er generally spoken, but which nre pre
served In literature, such as tho ancient
Orrck and Homan tongues, are known
as the "Dead Languages."
Q. How lona- has the New York Yncht Club
been In existence? J. D. II.
A. The Now York Yacht Club was
organized In 1844.
Q. At what point doei the Delaware Tllver
mt tidewater? M. F. CJ.
A. Trenton, N. J.
Q. Who founded the Younc Men's Christian
AMoclntlnn nnd In what year? C. H. K.
A. The nsjoclntlon was founded In 18U
largely by thp efforts of Sir George
CJ. Ktndl Inform me If possible, when
"Decoration Day" was utarted and liv whom?
J. D. S.
A. The Southern women during tho
Civil Wnr originated tho custom of strew.
Ing flowers on the graves of soldiers. This
custom gradually spread throughout the
country and In 1WSS and 1S65 General
Iogan, as Commander-in-chief of tho
Grand Army of the Republic, appointed
May 30 for that purpose.
Structure In South Gardens at San
Francisco Completed.
SAN FRANCISCO. Nov. 3,-The Tress
Dulldlng of the Panama-Pacific Exposi
tion was completed today and Is to bo
occupied by the division of exploitation.
It Is situated in the South Gardens and
Is In the French Renaissance style of the
Palace of Horticulture and Festival Hall.
It Is a two-story structure.
The first floor contains a reception and
lounging room for correspondents, a
workroom for outside newspaper men. n
toom for the writers of the exposition
hureau and a room for the multlgraph
bureau of the division of exploitation.
On the second floor will bo threo rooms
for the executive division and one very
large room, covering nearly the whole
floor, for all the typing, clerical and
other forces of the division.
Awards Medal to Switchman Who
Rescued Woman.
WASHINGTON. Nov. 3.-Presldent Wil
son today, upon recommendation of the
Interstate Commerce Commission, award
ed a medal of honor to W. A. llolley, of
Greenville, Tex., for saving the life of
Mrs. Sallle Griffin on a railroad at Green
ville last January. llolley, a switchman,
lifted the woman off the tracks and car
ried her to safety, although ho was him
self struck.
u,wui WlViJJ-O
he decided. So he called with all his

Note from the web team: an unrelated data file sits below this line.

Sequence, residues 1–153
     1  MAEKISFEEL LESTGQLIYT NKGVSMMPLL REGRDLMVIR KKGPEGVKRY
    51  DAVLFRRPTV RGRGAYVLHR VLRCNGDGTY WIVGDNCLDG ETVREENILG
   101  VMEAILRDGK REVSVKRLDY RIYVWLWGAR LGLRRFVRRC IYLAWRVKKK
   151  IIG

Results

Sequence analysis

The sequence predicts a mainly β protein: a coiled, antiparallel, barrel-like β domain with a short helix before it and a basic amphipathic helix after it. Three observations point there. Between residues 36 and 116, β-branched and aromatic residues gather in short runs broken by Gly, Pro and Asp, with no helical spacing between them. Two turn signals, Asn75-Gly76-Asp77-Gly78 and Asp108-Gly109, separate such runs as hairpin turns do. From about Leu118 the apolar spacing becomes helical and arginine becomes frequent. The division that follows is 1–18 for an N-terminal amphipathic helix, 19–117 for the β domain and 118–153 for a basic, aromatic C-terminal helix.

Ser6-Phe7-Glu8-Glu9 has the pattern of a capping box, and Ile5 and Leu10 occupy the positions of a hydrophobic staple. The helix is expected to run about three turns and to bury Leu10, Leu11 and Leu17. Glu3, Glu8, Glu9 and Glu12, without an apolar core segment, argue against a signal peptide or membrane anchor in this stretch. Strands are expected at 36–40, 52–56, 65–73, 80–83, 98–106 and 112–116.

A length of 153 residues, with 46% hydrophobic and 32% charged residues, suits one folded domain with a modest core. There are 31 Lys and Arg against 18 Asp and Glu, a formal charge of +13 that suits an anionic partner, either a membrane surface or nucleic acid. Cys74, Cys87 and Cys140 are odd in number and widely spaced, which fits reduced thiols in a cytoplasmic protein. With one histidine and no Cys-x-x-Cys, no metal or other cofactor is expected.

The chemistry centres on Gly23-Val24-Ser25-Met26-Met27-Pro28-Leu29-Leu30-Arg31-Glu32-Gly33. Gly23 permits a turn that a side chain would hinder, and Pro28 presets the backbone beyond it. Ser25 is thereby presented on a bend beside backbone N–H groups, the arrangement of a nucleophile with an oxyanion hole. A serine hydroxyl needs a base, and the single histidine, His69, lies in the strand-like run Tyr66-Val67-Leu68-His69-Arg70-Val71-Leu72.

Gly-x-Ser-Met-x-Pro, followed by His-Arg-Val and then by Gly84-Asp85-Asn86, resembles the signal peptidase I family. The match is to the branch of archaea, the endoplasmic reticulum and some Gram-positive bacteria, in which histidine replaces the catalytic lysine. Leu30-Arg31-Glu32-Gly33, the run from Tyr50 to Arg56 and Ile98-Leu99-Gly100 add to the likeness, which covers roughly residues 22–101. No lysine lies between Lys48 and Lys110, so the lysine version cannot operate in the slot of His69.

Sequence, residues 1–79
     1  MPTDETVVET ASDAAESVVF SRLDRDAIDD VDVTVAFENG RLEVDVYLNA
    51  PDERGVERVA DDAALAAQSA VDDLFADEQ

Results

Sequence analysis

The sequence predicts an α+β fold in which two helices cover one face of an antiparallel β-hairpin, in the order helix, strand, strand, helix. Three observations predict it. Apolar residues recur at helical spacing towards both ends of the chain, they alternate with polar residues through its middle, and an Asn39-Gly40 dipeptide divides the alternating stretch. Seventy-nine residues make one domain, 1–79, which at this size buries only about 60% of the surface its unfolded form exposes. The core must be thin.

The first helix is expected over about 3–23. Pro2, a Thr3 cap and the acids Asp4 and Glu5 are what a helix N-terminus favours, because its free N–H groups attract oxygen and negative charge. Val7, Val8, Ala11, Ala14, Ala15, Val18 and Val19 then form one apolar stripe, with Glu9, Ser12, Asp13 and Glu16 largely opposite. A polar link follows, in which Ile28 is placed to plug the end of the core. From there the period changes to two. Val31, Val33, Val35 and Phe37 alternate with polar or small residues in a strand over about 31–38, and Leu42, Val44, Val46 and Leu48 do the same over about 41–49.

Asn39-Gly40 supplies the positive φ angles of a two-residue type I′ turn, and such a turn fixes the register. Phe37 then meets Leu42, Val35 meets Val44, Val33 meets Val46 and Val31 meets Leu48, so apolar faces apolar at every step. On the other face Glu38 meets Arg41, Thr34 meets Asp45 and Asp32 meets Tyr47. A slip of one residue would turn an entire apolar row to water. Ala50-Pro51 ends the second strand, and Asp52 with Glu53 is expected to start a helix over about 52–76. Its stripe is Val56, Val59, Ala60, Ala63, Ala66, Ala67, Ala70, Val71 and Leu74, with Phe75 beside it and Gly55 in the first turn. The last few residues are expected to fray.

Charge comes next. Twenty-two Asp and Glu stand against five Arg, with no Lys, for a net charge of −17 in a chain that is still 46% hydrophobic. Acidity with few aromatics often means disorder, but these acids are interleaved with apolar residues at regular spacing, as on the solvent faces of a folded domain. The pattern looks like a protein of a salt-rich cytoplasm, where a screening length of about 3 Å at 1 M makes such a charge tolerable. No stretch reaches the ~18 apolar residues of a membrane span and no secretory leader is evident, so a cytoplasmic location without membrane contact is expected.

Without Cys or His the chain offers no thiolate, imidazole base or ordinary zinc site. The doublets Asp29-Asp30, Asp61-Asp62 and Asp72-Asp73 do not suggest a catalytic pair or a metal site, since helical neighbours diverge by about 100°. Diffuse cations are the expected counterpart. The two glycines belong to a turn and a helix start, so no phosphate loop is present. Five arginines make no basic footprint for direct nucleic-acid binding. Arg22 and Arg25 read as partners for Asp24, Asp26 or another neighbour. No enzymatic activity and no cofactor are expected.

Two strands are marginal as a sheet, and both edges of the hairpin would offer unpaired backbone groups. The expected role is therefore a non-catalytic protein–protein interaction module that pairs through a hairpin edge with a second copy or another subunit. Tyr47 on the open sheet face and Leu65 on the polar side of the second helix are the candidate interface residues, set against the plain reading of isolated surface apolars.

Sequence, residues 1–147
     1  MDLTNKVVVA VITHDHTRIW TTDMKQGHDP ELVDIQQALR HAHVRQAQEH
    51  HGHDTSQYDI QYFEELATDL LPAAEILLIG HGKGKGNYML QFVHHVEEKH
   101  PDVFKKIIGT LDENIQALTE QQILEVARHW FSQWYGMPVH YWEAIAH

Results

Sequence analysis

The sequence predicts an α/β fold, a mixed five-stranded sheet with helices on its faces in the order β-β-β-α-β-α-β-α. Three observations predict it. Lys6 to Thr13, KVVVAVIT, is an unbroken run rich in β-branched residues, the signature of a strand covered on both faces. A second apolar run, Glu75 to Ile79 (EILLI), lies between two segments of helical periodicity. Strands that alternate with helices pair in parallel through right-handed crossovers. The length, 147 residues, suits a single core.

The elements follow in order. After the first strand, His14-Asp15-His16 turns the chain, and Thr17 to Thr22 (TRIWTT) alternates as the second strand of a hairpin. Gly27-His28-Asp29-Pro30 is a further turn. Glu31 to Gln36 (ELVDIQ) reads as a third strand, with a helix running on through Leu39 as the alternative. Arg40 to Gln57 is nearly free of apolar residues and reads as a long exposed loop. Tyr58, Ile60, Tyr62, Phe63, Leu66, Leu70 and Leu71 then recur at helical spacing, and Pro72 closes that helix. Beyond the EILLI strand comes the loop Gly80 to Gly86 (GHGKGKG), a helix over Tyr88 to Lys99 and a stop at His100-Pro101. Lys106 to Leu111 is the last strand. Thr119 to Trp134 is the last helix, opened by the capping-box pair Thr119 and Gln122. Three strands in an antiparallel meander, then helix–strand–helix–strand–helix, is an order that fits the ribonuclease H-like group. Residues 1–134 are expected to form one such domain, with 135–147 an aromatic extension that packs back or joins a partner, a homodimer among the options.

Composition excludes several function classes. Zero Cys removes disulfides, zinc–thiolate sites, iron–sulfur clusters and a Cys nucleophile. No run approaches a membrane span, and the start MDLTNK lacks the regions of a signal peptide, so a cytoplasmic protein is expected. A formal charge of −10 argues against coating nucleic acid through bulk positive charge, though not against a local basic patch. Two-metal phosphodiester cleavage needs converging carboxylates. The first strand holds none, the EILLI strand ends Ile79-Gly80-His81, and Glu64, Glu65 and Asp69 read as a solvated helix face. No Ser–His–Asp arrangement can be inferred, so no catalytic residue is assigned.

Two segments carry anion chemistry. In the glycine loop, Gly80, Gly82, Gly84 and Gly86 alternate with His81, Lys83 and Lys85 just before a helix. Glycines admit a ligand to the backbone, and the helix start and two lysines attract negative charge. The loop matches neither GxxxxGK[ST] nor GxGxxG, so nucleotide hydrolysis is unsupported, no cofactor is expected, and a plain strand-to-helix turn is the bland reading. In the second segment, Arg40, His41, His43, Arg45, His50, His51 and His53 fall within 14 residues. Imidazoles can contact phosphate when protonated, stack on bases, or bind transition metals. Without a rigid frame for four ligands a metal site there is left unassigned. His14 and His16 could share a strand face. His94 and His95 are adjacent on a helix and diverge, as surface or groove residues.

might, "Mother; mother! Please go
a little slower. We don't need to
hurry so; Jack Frost isn't chasing us
But Mrs
South-breeze made no
"Maybe she didn't hear," said the
'.'Surely she must have heard that,"
said Jimmy in a puzzled voice, "but
I thought she'd answer."
"Maybe she heard and meant you to
do as you pleased." said the blackbird,
and that's the reason she didn't say
Now Jimmy knew just as well as
ypu do that if his mother had heard
him she would have answered; she
always did; but he wanted to stop and
look around so much that he let the
blackbird talk him into believing that
his mother would let him do as he
"I'll watch very carefully and when
mother gets almost out of sight, I'll
stop looking around and follow her."
So he and the bjackbird stopped and
explored. And they got so interested
that they forgot to watch Mrs. South
breeze in the distance. She went on
and on and on never guessing that
they were not right behind her.
And when Jimmy and the blackbird
remembered about her she was far,
far out of sightl
Jimmy called and hunted, but he
couldn't nnd her.
"I'll tell you one thing." he said to
the blackbird, "I'll never listen to your
advice again, so there."
"You don't have to." replied the
blackbird saucily. "I can take care of
myself." And he flew away, and left
poor little lost Jimmy all alone.
And ever since that day, the breezes
have disliked the blackbird family and
have considered them very saucy aud
But what of Jimmy? You'll have to
wait till tomorrow to hear how he
found his way jRdin
Telorrou' Jimtuv South Brttst (Mb 9
Metropolitan Stars Arrive,
After Many Trials, to Give
Americans Usual Season of
UOSTON, Nov. J. The steamship C11110
plc has arrived hero from Naples with
about principals and 78 members of
tho chorus of the Metropolitan Opera
Company, which will open Its season In